Lesson: Exodus 19:2-8a
2 The Israelites had journeyed from Rephidim, entered the wilderness of Sinai, and camped in the wilderness; Israel camped there in front of the mountain. 3 Then Moses went up to God; the Lord called to him from the mountain, saying, “Thus you shall say to the house of Jacob, and tell the Israelites: 4 You have seen what I did to the Egyptians, and how I bore you on eagles’ wings and brought you to myself. 5 Now therefore, if you obey my voice and keep my covenant, you shall be my treasured possession out of all the peoples. Indeed, the whole earth is mine, 6 but you shall be for me a priestly kingdom and a holy nation. These are the words that you shall speak to the Israelites.”
7 So Moses came, summoned the elders of the people, and set before them all these words that the Lord had commanded him. 8 The people all answered as one: “Everything that the Lord has spoken we will do.”
The Book of Exodus is the second book of the Bible, and covers the period from the slavery in Egypt under Pharaoh (around 1250 BCE, if the account is historical), the Exodus itself, and the early months in the Wilderness.
Like Genesis, Exodus is an amalgam of religious traditions. Today’s reading is from the Priestly writer – shown by the emphasis on precise dates. The events occurred “on the very day” of the third new moon after leaving Egypt, the day the Israelites reached Sinai. (The holy mountain is called “Horeb” by other writers even within Exodus – for example, Ex. 3:1.)
YHWH proposed a conditional covenant to Moses and the Israelites (“If you obey my voice” v.5), and all the people responded that they would do all that YHWH had spoken (v.8). In the chapters that follow (20 to 23), the Law was given.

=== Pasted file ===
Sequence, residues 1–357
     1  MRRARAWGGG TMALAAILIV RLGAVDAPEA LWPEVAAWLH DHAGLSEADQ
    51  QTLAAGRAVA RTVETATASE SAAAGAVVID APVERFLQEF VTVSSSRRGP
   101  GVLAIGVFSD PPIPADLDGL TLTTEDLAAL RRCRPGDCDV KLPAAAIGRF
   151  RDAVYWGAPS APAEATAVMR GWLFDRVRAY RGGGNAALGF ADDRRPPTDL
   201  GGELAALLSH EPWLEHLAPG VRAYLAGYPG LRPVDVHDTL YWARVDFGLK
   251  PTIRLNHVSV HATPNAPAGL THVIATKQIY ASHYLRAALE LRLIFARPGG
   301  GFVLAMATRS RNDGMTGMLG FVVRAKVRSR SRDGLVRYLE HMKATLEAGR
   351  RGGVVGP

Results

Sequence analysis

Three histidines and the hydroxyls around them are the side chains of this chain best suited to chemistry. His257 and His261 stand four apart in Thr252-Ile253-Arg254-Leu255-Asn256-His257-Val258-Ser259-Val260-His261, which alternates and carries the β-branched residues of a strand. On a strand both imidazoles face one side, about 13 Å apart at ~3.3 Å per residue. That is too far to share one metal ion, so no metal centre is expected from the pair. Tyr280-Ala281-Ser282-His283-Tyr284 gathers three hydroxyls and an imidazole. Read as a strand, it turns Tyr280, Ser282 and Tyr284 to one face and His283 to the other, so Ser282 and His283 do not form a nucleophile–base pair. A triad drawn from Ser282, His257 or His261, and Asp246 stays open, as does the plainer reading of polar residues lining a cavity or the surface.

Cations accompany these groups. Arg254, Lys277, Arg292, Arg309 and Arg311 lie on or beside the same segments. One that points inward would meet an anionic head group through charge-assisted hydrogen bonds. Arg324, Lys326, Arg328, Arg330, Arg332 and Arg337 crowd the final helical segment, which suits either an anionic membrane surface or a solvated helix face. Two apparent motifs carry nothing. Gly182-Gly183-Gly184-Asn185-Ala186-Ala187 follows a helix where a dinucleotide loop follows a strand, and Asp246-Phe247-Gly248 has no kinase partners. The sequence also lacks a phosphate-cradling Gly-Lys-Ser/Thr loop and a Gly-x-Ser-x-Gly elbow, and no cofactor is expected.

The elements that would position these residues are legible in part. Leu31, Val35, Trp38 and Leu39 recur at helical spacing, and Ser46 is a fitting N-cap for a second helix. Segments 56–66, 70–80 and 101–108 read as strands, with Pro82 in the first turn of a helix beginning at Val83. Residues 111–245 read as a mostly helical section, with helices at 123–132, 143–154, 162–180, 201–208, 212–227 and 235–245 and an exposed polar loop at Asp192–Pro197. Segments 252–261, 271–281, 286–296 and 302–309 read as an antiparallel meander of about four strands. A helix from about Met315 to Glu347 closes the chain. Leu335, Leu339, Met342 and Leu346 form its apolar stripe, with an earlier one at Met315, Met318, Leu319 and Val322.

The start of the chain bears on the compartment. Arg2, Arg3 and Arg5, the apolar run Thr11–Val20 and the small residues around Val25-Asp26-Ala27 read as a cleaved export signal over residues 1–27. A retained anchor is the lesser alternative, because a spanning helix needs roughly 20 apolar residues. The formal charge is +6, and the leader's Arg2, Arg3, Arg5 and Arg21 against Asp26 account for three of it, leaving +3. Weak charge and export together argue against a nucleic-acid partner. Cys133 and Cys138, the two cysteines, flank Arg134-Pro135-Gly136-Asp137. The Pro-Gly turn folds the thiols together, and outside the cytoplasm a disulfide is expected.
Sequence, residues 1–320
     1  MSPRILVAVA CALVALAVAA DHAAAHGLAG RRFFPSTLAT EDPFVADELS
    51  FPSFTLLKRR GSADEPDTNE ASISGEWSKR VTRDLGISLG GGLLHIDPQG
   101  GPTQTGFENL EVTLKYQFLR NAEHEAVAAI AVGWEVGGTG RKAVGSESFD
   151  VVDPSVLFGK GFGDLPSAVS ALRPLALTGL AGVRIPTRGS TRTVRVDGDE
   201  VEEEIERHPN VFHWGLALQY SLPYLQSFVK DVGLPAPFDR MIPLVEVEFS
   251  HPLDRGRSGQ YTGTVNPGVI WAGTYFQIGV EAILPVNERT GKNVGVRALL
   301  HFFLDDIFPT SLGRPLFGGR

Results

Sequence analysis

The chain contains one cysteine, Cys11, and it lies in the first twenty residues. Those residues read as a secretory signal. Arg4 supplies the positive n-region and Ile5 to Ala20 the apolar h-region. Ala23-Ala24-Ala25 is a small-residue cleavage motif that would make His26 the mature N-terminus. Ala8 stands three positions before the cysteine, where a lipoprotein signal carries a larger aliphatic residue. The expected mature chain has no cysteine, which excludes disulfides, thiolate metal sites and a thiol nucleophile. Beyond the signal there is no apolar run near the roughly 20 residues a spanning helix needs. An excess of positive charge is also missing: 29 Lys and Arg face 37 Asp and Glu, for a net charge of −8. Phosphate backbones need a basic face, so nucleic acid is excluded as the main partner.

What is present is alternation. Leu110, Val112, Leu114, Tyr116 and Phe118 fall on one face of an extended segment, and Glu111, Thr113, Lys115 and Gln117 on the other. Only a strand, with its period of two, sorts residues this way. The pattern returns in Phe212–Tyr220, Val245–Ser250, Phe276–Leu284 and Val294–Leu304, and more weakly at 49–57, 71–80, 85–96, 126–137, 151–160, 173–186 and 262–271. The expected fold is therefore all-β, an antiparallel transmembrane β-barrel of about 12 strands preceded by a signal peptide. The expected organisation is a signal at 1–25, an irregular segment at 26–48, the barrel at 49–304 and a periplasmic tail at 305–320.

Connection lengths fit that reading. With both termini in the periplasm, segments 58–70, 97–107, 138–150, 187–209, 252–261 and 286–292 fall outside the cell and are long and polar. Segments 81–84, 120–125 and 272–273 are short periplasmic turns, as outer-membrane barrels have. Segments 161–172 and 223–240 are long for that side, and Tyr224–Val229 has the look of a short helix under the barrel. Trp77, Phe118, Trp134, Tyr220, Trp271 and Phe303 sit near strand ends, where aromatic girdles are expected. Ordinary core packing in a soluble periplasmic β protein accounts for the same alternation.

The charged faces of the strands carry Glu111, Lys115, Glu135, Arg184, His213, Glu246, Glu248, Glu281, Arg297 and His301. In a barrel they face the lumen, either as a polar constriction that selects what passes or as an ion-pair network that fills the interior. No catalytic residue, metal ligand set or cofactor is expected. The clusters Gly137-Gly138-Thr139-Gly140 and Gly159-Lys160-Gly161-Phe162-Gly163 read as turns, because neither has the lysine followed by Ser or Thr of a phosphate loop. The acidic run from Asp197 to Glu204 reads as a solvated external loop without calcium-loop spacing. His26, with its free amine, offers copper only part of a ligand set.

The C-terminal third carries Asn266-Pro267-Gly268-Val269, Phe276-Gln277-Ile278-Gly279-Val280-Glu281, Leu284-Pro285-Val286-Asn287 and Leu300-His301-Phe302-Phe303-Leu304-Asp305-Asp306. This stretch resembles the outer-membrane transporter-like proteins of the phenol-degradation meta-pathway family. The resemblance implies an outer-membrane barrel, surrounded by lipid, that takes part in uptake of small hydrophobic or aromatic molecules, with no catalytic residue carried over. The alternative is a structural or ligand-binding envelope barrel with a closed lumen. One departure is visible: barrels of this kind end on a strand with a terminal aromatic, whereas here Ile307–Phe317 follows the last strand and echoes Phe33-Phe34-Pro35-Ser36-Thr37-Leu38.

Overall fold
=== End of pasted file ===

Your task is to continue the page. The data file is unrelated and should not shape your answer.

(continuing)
In later tradition, the giving of the Law at Sinai became the theological basis in Judaism for the Feast of Weeks/Pentecost, a feast that originally celebrated the spring barley harvest (Ex. 23.16) and occurred 50 days after Passover.
Epistle: Romans 5:1-8
1 Since we are justified by faith, we have peace with God through our Lord Jesus Christ, 2 through whom we have obtained access to this grace in which we stand; and we boast in our hope of sharing the glory of God. 3 And not only that, but we also boast in our sufferings, knowing that suffering produces endurance, 4 and endurance produces character, and character produces hope, 5 and hope does not disappoint us, because God’s love has been poured into our hearts through the Holy Spirit that has been given to us.
6 For while we were still weak, at the right time Christ died for the ungodly. 7 Indeed, rarely will anyone die for a righteous person– though perhaps for a good person someone might actually dare to die. 8 But God proves his love for us in that while we still were sinners Christ died for us.
Paul’s letter to the Romans was his longest, last and most complex letter. It was written in the late 50s or early 60s (CE) to a Jesus Follower community that Paul did not establish. Among other messages in the letter, Paul sought to encourage respectful and supportive relationships between the Gentile Jesus Followers and the Jewish Jesus Followers in Rome.
The Roman Emperor Claudius had expelled the Jews from Rome in 49 CE. His successor, Nero (54-68 CE), allowed Jews (including Jewish Jesus Followers) to return to Rome, and this created tensions about leadership and worship within the Jesus Follower Community.
Paul was a Jew who became a Jesus Follower who saw the Jesus Follower Movement as part of a broader Judaism and continued to have expectations about the fullness of the Coming of the Messiah/the Christ. The term “Christian” had not been invented in his lifetime.